Jasper Mountain is a beautiful peak in the Indian Peaks Wilderness west of Boulder, Colorado, which has no less than five ridges leading up to its summit. It's south east ridge stretches for two miles from Pt. 12,055 to the summit and is composed almost entirely of firm, high quality rock or flower speckled tundra (at least in summer). It makes for a highly recommended route either for an ascent of the peak, or an interesting means to descend after completing on of the other lines!
One note for the record is that I actually traversed this ridge as a descent from Peak 12,660, starting near the summit of Jasper and ending up at Point 12,055. I would strongly recommend this as an engaging means of returning from an ascent of that peak.
Jasper Peak from its South East Ridge.
The Fourth of July Trailhead is the closest one to this route. From the trailhead, ascend the Arapahoe Pass trail for about a mile, then turn left onto the Diamond Trail which crosses the North Fork of Middle Boulder Creek then ascends several hundred feet to Diamond Lake. From here, take the faint trail around the shoulder to the east. Once onto the eastern flanks of Pt. 12,055, one can ascend through thin forest cover, then largely tundra and snowslopes towards Pt. 12,055.
An alternate approach is via the Devil's Thumb Bypass trail from the Hessie Trailhead. Once on the Devil's Thumb trail continue until about 0.6 miles from Jasper Lake, where one can work their way to Pt. 12,055.
If one uses this route as a descent from Pk. 12,660, walk north and west from its summit towards Jasper Peak. Shortly after reaching the low point on the southern ridge of Jasper, traverse east, possibly on snow, to the ridge. If this approach is used, you will actually traverse the ridge in reverse. Once at Pt. 12,055 continue east then either turn north to reach the Fourth of July Trailhead, or South to get back to the Devils Thumb Trail. There are several large cairns marking where the Diamond Lake Trail crosses the broad eastern ridge of Pt. 12,055. One final note is that when I was descending this line, I started going down the Diamond Lake Trail, then grew weary of following the faint trail through many snowdrifts and bailed straight down the slope to the Fourth of July Trailhead. There were bridges across the North Fork of Middle Boulder Creek in the vicinity of the trailhead.
The route is shown in Red, with alternate starts either from the Diamond Lake Trail or the Devil's Thumb Trail. Possible descent lines back to each trail are shown in purple, with the Devil's Thumb descent briefly leaving the left side of the picture.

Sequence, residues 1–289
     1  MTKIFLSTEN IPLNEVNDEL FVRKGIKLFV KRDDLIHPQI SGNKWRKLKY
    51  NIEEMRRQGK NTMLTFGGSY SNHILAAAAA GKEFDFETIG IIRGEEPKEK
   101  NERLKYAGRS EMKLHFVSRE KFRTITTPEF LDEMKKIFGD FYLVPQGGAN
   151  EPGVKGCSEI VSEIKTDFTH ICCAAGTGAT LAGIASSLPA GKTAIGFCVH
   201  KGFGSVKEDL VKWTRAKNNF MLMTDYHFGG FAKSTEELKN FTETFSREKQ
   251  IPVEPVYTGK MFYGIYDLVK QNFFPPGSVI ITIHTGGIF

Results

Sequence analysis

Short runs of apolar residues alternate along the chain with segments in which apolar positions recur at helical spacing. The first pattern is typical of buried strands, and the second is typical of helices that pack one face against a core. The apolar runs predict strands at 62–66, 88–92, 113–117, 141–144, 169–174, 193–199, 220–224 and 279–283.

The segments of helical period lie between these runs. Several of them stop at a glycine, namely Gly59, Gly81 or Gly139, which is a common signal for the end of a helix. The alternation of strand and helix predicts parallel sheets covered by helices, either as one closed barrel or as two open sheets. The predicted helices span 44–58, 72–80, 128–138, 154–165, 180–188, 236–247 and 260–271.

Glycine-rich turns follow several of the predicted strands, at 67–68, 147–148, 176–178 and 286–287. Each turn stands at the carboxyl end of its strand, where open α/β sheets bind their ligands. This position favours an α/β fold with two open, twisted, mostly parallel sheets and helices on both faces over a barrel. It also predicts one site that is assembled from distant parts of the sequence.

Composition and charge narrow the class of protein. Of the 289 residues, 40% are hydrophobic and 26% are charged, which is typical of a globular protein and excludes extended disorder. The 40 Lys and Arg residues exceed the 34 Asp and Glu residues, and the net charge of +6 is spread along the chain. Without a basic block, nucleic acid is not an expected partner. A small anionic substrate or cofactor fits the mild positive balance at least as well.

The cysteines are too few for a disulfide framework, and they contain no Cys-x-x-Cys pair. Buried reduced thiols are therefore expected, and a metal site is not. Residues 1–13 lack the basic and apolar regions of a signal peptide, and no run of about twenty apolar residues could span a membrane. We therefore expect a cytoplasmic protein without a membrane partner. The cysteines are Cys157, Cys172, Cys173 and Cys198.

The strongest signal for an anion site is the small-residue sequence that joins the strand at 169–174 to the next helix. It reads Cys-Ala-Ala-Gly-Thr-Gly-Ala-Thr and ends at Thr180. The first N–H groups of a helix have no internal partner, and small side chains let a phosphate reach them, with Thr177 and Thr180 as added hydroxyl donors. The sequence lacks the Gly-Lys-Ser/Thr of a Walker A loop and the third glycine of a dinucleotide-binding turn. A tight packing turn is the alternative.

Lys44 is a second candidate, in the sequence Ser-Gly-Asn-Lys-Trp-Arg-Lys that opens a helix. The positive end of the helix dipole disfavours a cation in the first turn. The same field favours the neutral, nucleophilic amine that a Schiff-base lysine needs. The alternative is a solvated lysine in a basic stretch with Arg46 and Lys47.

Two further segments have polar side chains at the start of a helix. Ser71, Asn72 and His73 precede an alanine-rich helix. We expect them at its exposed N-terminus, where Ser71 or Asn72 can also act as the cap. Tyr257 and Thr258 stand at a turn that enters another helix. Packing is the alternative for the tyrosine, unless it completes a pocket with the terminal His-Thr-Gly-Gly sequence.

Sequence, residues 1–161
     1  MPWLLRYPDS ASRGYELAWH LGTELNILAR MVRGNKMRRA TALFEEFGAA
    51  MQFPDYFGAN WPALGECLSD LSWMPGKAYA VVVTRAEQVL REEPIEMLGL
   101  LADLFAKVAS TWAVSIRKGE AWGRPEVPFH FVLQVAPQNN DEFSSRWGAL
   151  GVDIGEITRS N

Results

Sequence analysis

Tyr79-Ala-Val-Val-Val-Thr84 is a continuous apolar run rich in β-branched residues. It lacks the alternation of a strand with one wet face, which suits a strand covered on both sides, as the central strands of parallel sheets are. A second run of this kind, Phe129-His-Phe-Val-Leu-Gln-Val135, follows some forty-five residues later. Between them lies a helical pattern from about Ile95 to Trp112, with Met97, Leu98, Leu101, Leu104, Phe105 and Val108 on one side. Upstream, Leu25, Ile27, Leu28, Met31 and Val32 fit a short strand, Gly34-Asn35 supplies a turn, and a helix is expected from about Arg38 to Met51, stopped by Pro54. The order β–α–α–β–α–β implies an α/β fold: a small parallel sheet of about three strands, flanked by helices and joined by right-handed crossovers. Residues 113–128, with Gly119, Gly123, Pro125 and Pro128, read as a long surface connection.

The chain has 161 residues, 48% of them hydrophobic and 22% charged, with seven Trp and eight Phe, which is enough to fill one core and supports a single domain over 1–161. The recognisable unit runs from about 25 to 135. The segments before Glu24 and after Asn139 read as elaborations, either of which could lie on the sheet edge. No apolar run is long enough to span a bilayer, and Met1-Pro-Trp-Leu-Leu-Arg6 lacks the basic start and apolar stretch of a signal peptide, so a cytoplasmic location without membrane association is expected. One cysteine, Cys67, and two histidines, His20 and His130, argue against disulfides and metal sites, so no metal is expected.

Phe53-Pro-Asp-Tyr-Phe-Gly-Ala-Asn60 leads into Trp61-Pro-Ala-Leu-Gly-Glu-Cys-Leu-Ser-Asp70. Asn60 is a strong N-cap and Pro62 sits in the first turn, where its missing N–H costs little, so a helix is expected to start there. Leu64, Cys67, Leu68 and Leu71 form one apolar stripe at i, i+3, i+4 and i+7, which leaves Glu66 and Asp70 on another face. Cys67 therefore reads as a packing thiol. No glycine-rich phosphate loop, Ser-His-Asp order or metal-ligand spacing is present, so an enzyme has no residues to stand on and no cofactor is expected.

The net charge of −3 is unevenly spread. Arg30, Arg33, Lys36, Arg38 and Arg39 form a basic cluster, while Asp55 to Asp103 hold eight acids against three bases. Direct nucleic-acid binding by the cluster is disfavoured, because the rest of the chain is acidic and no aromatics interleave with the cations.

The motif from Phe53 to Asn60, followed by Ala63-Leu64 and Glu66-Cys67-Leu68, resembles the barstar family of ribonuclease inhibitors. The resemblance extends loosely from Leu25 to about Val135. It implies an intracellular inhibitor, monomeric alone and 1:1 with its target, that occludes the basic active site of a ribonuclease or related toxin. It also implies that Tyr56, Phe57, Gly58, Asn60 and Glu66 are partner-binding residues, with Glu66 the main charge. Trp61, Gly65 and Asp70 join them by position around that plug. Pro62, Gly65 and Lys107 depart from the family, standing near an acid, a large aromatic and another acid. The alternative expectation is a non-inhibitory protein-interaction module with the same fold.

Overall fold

From Pt. 12,055, walk west on beautiful tundra for several hundred yards to a 12,040 foot ridge point. From here, continue west on the ridge which soon gets narrow. There are two distinct notches in the ridge between here and Pt. 12,294. To reach the first one, descend a narrow tundra filled gully that angles south off of the ridge when it starts to get cliffy. from the notch, one can traverse slightly to the north to regain the ridge. The second notch is technically not difficult but holds about the only portion of the line where the rock is not outstanding. From here it is about a mile along wonderful firm rock to the summit of Jasper. Except for the one notch noted above, the best line is found walking directly on the ridge top. Most of the traverse is second class with a few spots of third class mixed in.
The ridge as seen just before the first notch. From here, descend a tundra filled gully, then walk beneath cliffs to the notch. From there traverse slightly north to regain the ridge crest.
Looking back from near the summit of Pt. 12,294 to Pt. 12,055. This is the most technical portion of the ridge.
The South East Ridge of Jasper. The crest of the ridge is firm rock as shown in a number of sections.
From the top of Jasper, it is frequently possible to descend by a quick glissade into the valley with Diamond Lake and then walk down this to rejoin the Diamond Lake Trail and from there return to the Fourth of July Trailhead. If the line shown on the map is melted or too steep, an easier one would be to cross over the subpeak on the East Ridge, then descend east along this line to the south facing snowfield where a great glissade can be made to the valley bottom. One can also follow the broad ridge south from Jasper's summit over Pk. 12,660 eventually reaching the Devils Thumb Trail which can be followed back to the Hessie Trailhead.
Standard hiking gear is all that is required. This is not a technical route. During most of the year, it would be wise to carry an ice axe for any glissades on the descent.
"How do you distinguish between being off-route and putting up a first ascent?"